“I am not proud of my past. I was a racist. I was an Islamic radical because I would actually say if you do not pray, you would go to hell and burn in hell. Like I’ll only mingle with Muslims. People always say oh no, this person is racist or a radical and cannot be changed. No, no, no, I was exactly that and I have changed.

“I realised the epicentre of change in Malaysia is not through the military. It’s not through becoming a lawyer because I’m currently reading law. Unfortunately or fortunately it is through politics. Politics is the epicentre of change.”

I must admire his candour but some of the things that he admits to are, well, worrying, especially about being an Islamic radical. I suppose people can change but I will look for deeds in that - not words.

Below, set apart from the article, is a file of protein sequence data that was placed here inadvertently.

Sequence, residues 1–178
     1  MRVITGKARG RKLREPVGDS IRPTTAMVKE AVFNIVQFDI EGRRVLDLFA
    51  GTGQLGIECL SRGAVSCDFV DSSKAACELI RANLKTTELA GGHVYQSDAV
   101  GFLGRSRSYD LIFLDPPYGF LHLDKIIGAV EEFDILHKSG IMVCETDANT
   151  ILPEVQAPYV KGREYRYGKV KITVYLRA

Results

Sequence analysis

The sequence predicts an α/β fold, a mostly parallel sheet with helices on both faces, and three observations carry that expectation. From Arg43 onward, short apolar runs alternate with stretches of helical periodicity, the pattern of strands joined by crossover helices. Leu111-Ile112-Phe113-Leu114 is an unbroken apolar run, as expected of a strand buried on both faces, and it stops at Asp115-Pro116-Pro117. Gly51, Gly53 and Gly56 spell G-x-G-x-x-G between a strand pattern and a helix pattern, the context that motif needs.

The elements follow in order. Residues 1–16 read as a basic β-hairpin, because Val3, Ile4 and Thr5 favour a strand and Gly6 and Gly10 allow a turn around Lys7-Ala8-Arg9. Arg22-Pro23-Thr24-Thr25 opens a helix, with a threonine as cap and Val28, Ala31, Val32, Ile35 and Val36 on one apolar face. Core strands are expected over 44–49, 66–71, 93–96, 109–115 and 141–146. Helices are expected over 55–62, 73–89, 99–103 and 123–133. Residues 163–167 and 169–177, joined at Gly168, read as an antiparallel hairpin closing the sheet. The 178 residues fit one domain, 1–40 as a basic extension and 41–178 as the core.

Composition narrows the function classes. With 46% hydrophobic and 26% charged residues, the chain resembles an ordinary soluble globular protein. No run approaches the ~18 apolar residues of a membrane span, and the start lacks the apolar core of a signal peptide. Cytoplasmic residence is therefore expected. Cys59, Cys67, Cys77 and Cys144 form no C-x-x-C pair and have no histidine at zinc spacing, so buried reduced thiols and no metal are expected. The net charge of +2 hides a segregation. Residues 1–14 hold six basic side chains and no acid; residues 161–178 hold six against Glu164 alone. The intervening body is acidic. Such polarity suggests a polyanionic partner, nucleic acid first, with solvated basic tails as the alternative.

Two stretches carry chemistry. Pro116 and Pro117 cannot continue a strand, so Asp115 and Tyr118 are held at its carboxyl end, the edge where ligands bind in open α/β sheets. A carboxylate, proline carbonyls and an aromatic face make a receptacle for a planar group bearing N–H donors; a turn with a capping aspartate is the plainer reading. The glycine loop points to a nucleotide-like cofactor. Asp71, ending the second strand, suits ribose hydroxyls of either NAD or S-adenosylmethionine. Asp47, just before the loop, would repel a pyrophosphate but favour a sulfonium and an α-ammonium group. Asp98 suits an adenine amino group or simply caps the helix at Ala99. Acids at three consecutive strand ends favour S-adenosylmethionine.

He subsequently had dinner with an Islamic radical wanted in India for money laundering and terrorism financing and one who believes that non-Muslims would go to hell and burn in hell, Zakir Naik.

Zakir has repeatedly insulted non-Muslim Malaysians in many different ways - it is astonishing that he has not been jailed because he is such a divisive figure who provokes religious enmity. Syed Saddiq had suggested forgiving Zakir and moving on after having earlier called for his deportation - a rather quick turnaround from his liberal, multi-religious ways.

Remember too that Syed Saddiq implicitly supported the Malay Dignity Congress which Mahathir supported. In fact, he disapproved of the demonstration by a Universiti Malaya student against the vice-chancellor for supporting the congress. This was in October last year.